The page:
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Pro Publica Launches Accused Priest Database
Saunders and Walker
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Pro Publica, a non-profit news agency, has launched an interactive database of priests accused of sexual abuse after an intense year-long effort.  The ambitious program was inspired by the publication of the Pennsylvania Grand Jury Report.

Nationwide, the names of more than 5,800 clergy members have been released so far, representing the most comprehensive step toward transparency yet by a Catholic Church dogged by its long history of denying and burying abuse by priests,” write the researchers behind the ProPublica effort.

According to them, when surveying the lists which led to their efforts to compile the names into one accessible and searchable database, “numerous alleged abusers have been omitted and that there is no standard for determining who each diocese considers credibly accused.”

As of January 20, they note, there have been at least 178 lists produced by U.S. dioceses and religious orders. 41 dioceses and dozens more religious orders, they write, have not yet done so.

The lists published by the bishops have come under heavy criticism for their lack of accuracy and the inconsistent standard by which the lists were compiled.  No two dioceses in the country employ the same standard of criteria for determining who is or isn’t credibly accused.

ProPublica has collected the 178 lists released by U.S. dioceses and religious orders as of Jan. 20 and created a searchable database that allows users to look up clergy members by name, diocese or parish. This represents the first comprehensive picture of the information released publicly by bishops around the country. Some names appear multiple times. In many cases, that accounts for priests who were accused in more than one location. In other instances, dioceses have acknowledged when priests who served in their jurisdiction have been reported for abuse elsewhere.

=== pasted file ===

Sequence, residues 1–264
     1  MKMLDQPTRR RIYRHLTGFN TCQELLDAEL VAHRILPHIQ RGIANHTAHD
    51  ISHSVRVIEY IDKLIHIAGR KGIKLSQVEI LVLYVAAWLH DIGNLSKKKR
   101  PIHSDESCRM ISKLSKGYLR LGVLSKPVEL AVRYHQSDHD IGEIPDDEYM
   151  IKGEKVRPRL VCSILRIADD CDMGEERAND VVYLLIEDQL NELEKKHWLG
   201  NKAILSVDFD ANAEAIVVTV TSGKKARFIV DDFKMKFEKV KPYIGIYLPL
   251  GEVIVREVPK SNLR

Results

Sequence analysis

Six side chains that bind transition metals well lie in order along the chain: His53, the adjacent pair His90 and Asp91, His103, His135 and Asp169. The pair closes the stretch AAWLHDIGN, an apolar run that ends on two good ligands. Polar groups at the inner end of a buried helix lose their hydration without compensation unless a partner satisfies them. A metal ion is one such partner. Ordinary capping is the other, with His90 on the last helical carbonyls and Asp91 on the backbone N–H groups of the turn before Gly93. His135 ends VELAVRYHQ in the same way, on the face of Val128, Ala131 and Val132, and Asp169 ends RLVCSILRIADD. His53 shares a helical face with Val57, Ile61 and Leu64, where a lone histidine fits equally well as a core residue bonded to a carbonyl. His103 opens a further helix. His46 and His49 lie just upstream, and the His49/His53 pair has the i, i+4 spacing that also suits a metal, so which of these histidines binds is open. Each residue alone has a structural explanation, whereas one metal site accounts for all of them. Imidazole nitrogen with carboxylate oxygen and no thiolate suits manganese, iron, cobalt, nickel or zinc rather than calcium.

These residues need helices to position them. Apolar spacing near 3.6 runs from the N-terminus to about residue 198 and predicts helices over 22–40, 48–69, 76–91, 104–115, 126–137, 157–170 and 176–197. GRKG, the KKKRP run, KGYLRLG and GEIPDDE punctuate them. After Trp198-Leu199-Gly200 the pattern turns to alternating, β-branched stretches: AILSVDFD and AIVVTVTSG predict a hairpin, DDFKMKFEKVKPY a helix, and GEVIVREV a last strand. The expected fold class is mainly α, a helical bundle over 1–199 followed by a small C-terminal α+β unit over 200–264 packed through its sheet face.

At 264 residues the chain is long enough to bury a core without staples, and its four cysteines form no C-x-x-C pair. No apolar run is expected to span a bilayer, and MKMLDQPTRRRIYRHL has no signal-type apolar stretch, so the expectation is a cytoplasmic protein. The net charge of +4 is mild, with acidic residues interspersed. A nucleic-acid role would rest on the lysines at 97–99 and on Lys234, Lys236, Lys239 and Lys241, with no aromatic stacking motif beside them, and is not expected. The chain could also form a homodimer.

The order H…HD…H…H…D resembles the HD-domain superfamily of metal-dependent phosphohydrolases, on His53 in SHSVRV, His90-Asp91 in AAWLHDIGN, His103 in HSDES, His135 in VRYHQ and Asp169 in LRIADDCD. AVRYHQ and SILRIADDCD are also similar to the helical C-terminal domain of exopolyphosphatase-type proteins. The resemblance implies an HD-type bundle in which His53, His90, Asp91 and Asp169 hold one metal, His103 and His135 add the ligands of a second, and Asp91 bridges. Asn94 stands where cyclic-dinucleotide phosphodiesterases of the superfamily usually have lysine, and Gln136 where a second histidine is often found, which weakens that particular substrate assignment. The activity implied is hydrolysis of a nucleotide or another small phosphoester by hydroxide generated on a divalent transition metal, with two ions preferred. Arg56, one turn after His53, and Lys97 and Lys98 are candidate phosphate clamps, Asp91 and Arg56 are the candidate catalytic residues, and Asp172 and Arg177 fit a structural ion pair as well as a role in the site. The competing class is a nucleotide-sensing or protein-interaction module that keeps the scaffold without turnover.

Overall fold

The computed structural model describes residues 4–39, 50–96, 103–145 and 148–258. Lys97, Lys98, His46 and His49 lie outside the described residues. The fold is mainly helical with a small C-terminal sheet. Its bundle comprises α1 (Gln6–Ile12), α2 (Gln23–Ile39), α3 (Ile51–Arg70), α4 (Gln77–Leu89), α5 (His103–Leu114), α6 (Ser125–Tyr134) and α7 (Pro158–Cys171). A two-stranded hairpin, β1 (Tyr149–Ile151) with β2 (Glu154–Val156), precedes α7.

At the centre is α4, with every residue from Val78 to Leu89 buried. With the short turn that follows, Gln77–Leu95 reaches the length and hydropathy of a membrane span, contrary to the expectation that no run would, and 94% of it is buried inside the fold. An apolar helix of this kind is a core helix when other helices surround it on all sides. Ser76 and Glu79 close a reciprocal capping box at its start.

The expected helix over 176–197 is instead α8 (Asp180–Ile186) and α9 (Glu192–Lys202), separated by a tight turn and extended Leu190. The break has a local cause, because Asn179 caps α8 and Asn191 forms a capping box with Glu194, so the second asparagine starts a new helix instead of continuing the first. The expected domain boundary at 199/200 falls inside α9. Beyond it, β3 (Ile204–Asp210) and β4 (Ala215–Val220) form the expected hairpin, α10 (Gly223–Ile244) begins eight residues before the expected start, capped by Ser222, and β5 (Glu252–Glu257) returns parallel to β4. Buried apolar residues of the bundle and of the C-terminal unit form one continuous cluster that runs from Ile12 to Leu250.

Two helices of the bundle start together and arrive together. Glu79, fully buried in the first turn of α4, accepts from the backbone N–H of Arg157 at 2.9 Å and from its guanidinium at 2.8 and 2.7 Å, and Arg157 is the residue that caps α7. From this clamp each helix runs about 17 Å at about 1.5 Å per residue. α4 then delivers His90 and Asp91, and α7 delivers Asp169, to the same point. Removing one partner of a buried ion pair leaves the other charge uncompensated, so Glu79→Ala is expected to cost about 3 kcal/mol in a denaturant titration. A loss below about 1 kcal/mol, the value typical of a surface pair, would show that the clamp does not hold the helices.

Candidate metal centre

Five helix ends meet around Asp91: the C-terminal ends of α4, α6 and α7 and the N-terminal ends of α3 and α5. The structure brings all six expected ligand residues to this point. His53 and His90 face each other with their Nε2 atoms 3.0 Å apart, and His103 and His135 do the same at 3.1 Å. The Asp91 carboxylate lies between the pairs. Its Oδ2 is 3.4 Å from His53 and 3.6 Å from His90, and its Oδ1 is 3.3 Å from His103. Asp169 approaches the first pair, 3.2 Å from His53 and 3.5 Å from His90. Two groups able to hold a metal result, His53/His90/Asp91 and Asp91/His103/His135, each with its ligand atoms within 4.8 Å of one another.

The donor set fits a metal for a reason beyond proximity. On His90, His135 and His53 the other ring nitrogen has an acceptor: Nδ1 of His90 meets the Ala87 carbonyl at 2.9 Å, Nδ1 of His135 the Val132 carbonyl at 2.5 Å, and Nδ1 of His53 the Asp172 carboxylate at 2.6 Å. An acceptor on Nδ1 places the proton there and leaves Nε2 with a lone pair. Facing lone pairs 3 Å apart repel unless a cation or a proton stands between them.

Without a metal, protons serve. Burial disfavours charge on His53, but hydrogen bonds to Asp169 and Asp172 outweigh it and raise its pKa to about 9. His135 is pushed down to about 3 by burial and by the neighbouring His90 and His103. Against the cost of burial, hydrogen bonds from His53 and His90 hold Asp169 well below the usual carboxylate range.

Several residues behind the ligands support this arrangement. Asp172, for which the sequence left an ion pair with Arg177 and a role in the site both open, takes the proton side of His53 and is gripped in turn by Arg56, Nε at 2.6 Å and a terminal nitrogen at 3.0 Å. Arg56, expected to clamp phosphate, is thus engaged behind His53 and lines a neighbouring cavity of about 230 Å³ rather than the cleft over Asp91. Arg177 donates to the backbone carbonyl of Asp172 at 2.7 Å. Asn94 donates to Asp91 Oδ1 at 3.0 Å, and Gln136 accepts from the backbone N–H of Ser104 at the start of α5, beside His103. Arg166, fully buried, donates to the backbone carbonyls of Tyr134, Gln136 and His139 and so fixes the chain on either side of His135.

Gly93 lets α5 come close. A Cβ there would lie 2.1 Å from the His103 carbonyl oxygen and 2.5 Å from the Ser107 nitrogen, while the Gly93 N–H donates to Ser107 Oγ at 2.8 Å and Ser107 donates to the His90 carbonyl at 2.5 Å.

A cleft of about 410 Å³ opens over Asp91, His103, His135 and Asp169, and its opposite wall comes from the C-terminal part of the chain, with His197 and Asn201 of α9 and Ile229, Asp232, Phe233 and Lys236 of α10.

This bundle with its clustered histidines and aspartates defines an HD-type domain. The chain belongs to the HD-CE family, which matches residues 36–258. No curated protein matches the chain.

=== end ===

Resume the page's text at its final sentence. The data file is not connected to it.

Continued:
Kathleen McChesney, a former FBI official who helped establish a new set of child protection protocols within the USCCB in the early 2000s, has urged bishops and religious orders for nearly two decades to create a comprehensive list of accused clergy. She said our database will allow the public to better track dioceses’ disclosures, rather than seeing each list in isolation.

“People don’t know where to look,” McChesney said. “The contribution of the one list will help a lot of people to perhaps identify someone that they believe abused them.”

Much work still needs to be done however.  41 dioceses and scores of religious orders have not published lists at all.  In Florida, for instance, five of the seven dioceses have no list and there are more than 2,000,000 who identify themselves as Catholic living in Florida.

Pro Publica has done a performed a tremendous public service and their effort should put more pressure on US bishops to get their lists right (if they’ve published a list) and for those who haven’t to begin to be accountable to the public whom they profess to serve.

If you are interested in viewing the database, you may do so here.  If you don’t find a name of a priest you know to have abused children, contact Pro Publica with your information.


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